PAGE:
Publishing scams have been around as long as publishing. Before the advent of print-on-demand (POD) publishing and electronic publishing, vanity publishers abounded. The term comes from the idea that these companies play on the vanity of the writer who is willing to do anything to “publish” a book. Most vanity presses don’t consider quality and rarely do more than print a large number of books to sell to the author.
Unlike hybrid publishers, which offer services such as design and editing, vanity publishers require a large investment up front but no quality control. In the end, the author has boxes of books in the garage and no place to sell them.
Vanity presses aren’t the only scam self-publishers need to be on the watch for.
The Editor Scam
Editors, and I use this term loosely here, advertise a new method to get your book on Amazon or bookstores quickly. No upfront fee is charged. A couple days after you send you manuscript, your book is published on Amazon under the scammers name. It’s up to you to prove it’s your manuscript.
Fake agents prey on the desire to have our books on the front shelves of a bookstore. If you’ve self-published and an agent contacts you, proceed with caution—if you proceed at all. Beware of upfront fees: reading fees, editing fees, paper clip fees. These agents are getting paid without providing representation for you. Reputable agents will rarely contact you. They work on commission and get paid when you get paid.
Fees for Services
In addition to editor and agent scams, novice self-publishers fall victim to a provider who claims to handle some of the pesky details for hefty fees. Sometimes these fees can be in the thousands of dollars. ISBN, copyright registration, Library of Congress catalog number, upload to specific platforms can all be easily handled by the author. One ISBN is $125, copyright registration is $35, Library of Congress catalog number is free, upload to most platforms is free. If you are asked to pay a large fee, shove your wallet in your pocket, and move on.
The Everyone Wins Writing Contest
All writers want to be recognized for our effort. Writing awards not only give us a boost we need to continue, but also lets the public know our book is worth buying. With this in mind, some organizations offer awards for a price.
The unscrupulous contests are often monthly awards in which all entries get a trophy, in some cases a literal trophy. These contests require large entry fees and, when the winners are announced, the chosen are asked to pay for the certificate, plaque, or trophy, in addition to the initial contest fee. In other words, the unsuspecting author is buying a writing award.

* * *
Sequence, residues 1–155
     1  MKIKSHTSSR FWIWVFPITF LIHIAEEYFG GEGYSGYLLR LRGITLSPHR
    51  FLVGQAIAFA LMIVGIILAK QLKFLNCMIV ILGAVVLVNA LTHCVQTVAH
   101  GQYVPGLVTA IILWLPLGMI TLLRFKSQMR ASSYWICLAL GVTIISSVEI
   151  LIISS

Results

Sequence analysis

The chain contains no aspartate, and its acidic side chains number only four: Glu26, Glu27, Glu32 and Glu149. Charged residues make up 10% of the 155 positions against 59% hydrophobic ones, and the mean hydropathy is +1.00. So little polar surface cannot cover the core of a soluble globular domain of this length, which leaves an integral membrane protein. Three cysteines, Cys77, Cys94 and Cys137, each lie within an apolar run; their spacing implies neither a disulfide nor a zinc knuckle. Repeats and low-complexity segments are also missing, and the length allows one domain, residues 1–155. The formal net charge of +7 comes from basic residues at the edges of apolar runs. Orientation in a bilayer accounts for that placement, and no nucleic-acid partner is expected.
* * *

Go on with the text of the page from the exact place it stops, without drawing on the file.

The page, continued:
Many reputable award programs require a small fee, often less than $50 to cover expenses. Most recognized awards are given annually, not monthly. Many are connected with an award ceremony at a conference or other event. For more information about dubious contest http://bit.ly/2wrejnL
How to Avoid A Scam
Can it be said too often, “If it’s too good to be true, it probably is”? A little research and thought will help you avoid losing money and possibly your book.
- Internet Search. This may be the first line of defense. Look for the company or individual’s website. Is it well-maintained and up-to-date? Are the details of services and cost listed clearly?
- Bookstore Search. Look for books published by the company in question. A vanity press will rarely have anything on the market, even Amazon.
- Unsolicited Offer. You’re scanning your email and in bold letters it opens with “We love your writing and want to publish your book.” Delete, delete as fast as you can. If you haven’t queried a publishing company, agent, or editor, this is probably a scheme to sell you thousands of your own book.
- Track Record. What is the track record of the company? If you’re working with a hybrid company, buy a couple of the books they have published. Look at the details as mentioned in in part two of this series.
- Ask the Authors. Contact authors who have worked with the service provider you are considering. If none are listed on the company’s website, ask for referrals.
- Check with Fellow Writers. Through Facebook and other forums ask about the company you are considering. Writers Beware, sponsored by Science Fiction and Fantasy Writers of America (SWFA), is one of the oldest websites with information about publishing scams. https://www.sfwa.org/other-resources/for-authors/writer-beware/.
It’s a trite but true saying. We all love to hear from someone in the publishing business tell us our manuscript is wonderful, what great writers we are. It’s all too easy, even for a more experienced writer to succumb to the praise. Most scams can be avoided by taking time to consider the offer (remember, “If it’s too good to be true …) and do even a little research. Don’t let someone take your dream or your money.
Susan K. Stewart is a teacher, writer, and speaker known for practical solutions to real-world situations. Her books include Harried Homeschooler’s Handbook: Finding Hope in the Havoc, Preschool: At What Cost?, Science in the Kitchen: Fearless Science at Home for All Ages, the award-winning Formatting e-Books for Writers. She brings her inspiring and encouraging messages to online and in-person conferences about families, writing, and editing. The Stewarts live in Central Texas with their three dogs, three cats, nine chickens, and a couple of donkeys. They have three children and six grandchildren. You can read more of Susan’s practical solutions at www.practicalinspirations.com.